Former Big Ten standout Lavelle shines in World Cup final

Now being called the future of U.S. soccer, former Wisconsin standout Rose Lavelle made waves for the team in the World Cup final against the Netherlands.



Rachel Daly of England battles for possession with Rose Lavelle of the USA during the 2019 FIFA Women's World Cup France Semi Final match between England and USA at Stade de Lyon on July 02, 2019 in Lyon, France. (Richard Heathcote/Getty Images/TNS)

Pete Mills, Assistant Sports Editor

In the 69th minute of the World Cup final, American midfielder and former Wisconsin player Rose Lavelle wove through the Dutch defense, kicking the game-clinching goal into the back of the net to put the U.S. up 2-0 over the Netherlands, a score that held for the remainder of the game.

The score helped the U.S. became only the second country in history to win two World Cups in a row.

Lavelle’s goal — scored with an injured hamstring — was the break for the U.S. The Netherlands had held the U.S. scoreless in the first half — the first time in this year’s Cup that the American women had been held scoreless in a single half.

A fortunate call in the box allowed forward Megan Rapinoe to open up scoring as the U.S. took a 1-0 lead later in the second half. But Lavelle’s goal was the lone score of the match in regular time.

Now only 24 years old, Lavelle was in a pizza shop the last time the U.S. won the World Cup. With her goal in the final, Lavelle became the second-youngest American to score in a World Cup title game, behind only Alex Morgan.

With this year’s event likely the last World Cup for both Rapinoe and veteran Carli Lloyd, young players such as Lavelle are a welcome sight for the U.S. program.

Lavelle posted strong numbers during her time as a Big Ten soccer player, 2013 to 2016. She was the top-ranked freshman in her class, leading the Badgers with 73 shots on goal and ranking second on the team in scoring with 6 goals. In her junior season, in 2015, the Cincinnati native was named a first-team All-American, the first time a Badger had earned the honor since 1991.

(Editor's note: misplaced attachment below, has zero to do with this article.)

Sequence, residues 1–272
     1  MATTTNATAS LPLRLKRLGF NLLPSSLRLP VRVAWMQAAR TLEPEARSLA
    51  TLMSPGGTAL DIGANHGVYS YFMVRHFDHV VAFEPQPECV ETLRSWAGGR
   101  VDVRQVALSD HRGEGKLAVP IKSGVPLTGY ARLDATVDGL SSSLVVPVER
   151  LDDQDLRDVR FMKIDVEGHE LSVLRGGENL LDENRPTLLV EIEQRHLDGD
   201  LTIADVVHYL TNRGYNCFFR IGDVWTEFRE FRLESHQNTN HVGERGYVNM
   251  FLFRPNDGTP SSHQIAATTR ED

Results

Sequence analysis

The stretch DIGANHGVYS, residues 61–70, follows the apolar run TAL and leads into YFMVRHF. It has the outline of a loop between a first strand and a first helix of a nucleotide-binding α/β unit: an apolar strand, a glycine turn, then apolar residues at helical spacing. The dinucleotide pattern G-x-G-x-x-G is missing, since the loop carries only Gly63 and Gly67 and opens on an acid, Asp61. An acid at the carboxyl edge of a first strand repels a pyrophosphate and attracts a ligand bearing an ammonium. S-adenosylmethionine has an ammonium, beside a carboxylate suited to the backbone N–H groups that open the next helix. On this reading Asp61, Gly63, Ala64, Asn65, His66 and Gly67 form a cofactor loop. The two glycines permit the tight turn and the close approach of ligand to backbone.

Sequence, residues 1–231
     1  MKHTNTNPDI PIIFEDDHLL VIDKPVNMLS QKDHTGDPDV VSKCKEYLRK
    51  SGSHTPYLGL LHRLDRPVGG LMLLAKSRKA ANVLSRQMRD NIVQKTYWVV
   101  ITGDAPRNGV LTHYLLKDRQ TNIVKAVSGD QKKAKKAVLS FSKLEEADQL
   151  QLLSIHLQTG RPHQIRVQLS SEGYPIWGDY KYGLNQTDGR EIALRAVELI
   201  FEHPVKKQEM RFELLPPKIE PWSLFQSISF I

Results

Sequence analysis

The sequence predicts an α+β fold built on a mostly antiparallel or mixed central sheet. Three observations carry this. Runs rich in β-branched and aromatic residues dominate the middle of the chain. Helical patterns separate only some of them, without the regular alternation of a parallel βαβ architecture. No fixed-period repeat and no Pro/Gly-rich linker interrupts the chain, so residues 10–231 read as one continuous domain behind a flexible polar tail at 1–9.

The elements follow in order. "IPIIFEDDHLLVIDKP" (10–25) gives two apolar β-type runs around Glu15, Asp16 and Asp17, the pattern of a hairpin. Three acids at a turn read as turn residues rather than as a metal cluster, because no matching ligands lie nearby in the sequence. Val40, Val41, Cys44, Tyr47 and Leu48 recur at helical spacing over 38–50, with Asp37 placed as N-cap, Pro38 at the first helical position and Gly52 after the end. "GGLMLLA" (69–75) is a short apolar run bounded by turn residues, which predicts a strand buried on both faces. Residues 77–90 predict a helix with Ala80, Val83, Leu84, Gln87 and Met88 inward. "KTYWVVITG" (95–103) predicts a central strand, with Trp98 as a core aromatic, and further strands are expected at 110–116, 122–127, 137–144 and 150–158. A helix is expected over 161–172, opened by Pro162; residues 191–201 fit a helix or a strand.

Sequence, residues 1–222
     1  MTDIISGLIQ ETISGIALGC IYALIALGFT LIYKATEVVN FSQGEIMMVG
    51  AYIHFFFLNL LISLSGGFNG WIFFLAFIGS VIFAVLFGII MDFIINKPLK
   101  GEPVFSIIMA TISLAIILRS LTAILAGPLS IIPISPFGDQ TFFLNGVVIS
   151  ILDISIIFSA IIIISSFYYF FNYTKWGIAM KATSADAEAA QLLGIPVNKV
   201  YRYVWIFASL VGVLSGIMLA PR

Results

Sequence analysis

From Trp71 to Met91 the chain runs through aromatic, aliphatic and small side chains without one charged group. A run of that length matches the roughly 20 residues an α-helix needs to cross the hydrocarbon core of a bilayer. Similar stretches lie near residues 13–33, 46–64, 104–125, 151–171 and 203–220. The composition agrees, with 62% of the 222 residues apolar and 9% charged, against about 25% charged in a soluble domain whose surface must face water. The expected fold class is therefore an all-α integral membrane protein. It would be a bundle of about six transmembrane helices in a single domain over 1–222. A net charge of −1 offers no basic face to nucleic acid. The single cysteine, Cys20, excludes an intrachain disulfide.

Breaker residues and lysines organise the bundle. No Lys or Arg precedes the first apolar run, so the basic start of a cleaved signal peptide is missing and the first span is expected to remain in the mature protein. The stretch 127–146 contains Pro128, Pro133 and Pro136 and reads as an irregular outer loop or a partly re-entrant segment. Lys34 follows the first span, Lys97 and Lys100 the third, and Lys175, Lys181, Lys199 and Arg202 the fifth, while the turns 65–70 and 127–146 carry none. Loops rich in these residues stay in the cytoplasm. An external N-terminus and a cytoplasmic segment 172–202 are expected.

Even with young standouts such as Lavelle and goalie Alyssa Naeher taking the international stage by storm, well-known veterans were still the lifeblood of the American team. Lloyd, who scored a hat-trick for the U.S. in the 2015 World Cup final, was more of a moral leader for the team in this year’s tournament. But the crowd favorite still entered the game to a standing ovation with just a few minutes left in the match, moments after Rapinoe was subbed out in another emotional moment for another iconic American player.

Lavelle was not the only Big Ten representative in the World Cup — American head coach Jill Ellis headed the Illinois soccer program for two years in the 1990s. The English native is only the second coach in history to win back-to-back World Cup finals.

The U.S. team is being dubbed one of the most accomplished teams in sporting history. With the event over, the program’s focus will move forward to the 2020 Olympics and beyond. The current U.S. team captains — Lloyd, Rapinoe, and Morgan — are all at least 30.

Although the following days will likely be filled with celebrating, there will be many moves centered on the American team’s future. It seems to be in good hands — or perhaps feet — thanks to Lavelle.

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